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Towards ecological management of Australian powerline corridor vegetation

Clarke, Donna J. and White, John G. 2008, Towards ecological management of Australian powerline corridor vegetation, Landscape and urban planning, vol. 86, no. 3/4, pp. 257-266, doi: 10.1016/j.landurbplan.2008.03.005.

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Title Towards ecological management of Australian powerline corridor vegetation
Author(s) Clarke, Donna J.
White, John G.ORCID iD for White, John G. orcid.org/0000-0002-7375-5944
Journal name Landscape and urban planning
Volume number 86
Issue number 3/4
Start page 257
End page 266
Total pages 10
Publisher Elsevier
Place of publication Amsterdam, The Netherlands
Publication date 2008-06
ISSN 0169-2046
1872-6062
Keyword(s) vegetation succession
rights-of-way
management
Summary Powerline corridor management in Australia has traditionally focused on the complete removal of vegetation using short rotation times due to the perceived fire hazard associated with corridor vegetation. This study assessed vegetation recovery in a powerline corridor, following management, at three sites spanning corridor and forest habitat. Forest and corridor vegetation communities differed significantly between sites and over time. As vegetation recovered, the corridor community became a mix of plants common in the surrounding forest and open areas, changing within the 3-year study from a grass–fern to shrub–sedge community encroached by midstorey species. The current short rotations between management events unnecessarily maintain the corridor in a cycle of degradation, remove resources for native species and may allow introduced grasses and saplings to proliferate in the corridor. Maintaining a shrub layer would help avoid loss of species richness, encourage native species and limit colonisation opportunities of introduced species. Spot spraying emergent saplings and problem plants and mosaic slashing, would keep fire risk low and maintain biodiversity without increasing biomass to dangerous levels.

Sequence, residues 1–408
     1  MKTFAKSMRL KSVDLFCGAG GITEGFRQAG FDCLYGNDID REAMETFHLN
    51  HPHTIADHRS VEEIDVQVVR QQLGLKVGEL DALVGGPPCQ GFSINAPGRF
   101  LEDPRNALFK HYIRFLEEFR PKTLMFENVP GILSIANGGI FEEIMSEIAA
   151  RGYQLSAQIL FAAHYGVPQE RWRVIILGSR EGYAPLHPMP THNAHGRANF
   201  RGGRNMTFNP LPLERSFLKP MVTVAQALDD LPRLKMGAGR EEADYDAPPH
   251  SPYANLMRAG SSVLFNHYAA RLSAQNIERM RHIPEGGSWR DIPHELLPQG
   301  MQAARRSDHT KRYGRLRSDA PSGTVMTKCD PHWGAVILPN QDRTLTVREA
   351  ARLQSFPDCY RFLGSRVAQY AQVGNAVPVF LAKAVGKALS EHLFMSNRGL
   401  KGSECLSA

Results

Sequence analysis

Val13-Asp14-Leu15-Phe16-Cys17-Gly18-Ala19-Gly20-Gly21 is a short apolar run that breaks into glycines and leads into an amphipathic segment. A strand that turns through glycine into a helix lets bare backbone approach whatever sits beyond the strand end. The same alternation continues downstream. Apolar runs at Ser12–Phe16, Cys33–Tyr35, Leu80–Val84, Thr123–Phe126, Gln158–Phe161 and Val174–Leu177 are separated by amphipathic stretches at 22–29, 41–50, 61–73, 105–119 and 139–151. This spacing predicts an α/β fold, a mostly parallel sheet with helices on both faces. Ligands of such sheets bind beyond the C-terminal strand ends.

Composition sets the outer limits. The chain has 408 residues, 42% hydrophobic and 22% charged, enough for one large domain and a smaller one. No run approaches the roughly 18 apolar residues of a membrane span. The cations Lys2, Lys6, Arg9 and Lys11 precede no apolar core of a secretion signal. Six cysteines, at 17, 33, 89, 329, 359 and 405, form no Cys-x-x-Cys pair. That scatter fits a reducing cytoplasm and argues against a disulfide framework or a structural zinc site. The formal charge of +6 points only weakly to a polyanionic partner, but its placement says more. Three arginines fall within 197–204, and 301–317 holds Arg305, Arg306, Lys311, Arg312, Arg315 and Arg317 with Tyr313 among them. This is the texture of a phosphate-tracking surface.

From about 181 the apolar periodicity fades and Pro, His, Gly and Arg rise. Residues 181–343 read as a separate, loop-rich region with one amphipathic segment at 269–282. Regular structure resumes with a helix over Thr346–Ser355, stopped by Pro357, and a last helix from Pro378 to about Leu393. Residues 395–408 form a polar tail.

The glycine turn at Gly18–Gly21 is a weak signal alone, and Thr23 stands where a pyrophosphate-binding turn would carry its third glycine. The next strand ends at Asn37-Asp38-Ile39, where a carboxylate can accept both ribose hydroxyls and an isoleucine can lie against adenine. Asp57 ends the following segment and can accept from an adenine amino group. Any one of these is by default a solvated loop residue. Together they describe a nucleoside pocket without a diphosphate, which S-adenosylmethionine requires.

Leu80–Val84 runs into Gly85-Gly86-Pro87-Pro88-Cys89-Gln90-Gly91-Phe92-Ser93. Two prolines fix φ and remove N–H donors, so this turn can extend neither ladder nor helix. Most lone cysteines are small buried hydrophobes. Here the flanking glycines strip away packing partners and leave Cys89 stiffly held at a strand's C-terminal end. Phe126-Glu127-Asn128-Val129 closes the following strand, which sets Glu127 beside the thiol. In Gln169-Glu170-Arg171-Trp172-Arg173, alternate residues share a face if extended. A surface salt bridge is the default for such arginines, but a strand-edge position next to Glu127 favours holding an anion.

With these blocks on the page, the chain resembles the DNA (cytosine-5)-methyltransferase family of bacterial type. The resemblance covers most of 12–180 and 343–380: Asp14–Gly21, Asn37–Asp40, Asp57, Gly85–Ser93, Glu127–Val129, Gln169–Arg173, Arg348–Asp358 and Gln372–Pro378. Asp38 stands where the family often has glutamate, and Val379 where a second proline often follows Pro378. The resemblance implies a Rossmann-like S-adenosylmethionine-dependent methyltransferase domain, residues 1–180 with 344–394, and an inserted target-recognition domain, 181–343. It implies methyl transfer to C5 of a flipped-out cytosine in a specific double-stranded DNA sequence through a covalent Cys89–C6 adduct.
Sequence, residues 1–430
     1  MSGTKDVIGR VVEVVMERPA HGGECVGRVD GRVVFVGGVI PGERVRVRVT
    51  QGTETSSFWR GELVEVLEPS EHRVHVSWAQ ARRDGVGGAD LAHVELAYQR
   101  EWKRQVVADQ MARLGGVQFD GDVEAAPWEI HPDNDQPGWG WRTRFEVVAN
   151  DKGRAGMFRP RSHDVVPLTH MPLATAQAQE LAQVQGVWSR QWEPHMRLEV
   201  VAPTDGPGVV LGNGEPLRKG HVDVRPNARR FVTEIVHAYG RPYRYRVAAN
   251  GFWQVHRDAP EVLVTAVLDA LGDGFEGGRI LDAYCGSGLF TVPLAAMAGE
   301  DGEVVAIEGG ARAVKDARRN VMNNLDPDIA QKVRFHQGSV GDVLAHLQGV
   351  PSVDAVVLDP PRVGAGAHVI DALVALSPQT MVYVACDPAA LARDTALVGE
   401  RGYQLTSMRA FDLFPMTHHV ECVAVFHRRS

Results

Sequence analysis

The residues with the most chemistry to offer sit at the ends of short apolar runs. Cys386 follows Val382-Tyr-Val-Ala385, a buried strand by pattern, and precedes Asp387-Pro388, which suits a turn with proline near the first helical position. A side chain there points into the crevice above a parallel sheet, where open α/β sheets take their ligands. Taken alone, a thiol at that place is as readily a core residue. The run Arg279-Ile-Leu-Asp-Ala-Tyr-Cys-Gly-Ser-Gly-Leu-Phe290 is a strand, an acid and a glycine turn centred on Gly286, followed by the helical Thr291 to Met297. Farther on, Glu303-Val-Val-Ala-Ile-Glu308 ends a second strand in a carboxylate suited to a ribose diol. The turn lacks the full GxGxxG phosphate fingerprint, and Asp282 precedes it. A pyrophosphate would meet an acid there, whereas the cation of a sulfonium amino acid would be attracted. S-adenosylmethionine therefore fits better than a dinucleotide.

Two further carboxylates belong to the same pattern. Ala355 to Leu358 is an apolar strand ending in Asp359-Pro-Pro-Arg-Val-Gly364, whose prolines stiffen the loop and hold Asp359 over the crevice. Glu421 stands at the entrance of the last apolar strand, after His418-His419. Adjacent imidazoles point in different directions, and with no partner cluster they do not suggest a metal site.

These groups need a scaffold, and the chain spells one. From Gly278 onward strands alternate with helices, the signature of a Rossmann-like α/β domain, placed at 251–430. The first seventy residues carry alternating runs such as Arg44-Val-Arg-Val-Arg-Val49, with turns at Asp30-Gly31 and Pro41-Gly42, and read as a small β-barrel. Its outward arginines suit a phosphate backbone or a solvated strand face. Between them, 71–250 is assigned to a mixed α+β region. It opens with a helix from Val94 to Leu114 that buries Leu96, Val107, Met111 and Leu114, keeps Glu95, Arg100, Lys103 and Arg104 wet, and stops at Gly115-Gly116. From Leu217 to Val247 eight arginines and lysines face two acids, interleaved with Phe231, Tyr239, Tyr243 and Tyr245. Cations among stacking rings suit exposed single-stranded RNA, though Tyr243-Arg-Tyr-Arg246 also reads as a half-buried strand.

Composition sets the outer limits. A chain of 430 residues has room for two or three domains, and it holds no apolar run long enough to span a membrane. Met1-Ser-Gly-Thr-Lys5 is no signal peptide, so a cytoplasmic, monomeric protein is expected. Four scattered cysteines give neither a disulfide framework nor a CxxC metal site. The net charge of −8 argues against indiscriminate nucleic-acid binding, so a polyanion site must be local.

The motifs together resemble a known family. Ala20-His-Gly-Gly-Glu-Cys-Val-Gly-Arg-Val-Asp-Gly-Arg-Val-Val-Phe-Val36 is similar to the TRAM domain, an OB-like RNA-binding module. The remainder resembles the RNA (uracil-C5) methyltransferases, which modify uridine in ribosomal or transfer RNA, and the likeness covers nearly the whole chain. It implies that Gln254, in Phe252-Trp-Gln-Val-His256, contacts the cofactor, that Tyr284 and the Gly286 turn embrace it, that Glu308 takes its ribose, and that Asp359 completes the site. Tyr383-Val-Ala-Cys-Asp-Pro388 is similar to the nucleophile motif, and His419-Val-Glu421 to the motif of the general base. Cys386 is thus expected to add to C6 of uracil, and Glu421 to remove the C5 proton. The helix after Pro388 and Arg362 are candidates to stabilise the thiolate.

Language eng
DOI 10.1016/j.landurbplan.2008.03.005
Field of Research 050211 Wildlife and Habitat Management
Socio Economic Objective 960599 Ecosystem Assessment and Management not elsewhere classified
HERDC Research category C1 Refereed article in a scholarly journal
HERDC collection year 2008
Copyright notice ©2008, Elsevier B.V
Persistent URL http://hdl.handle.net/10536/DRO/DU:30017270

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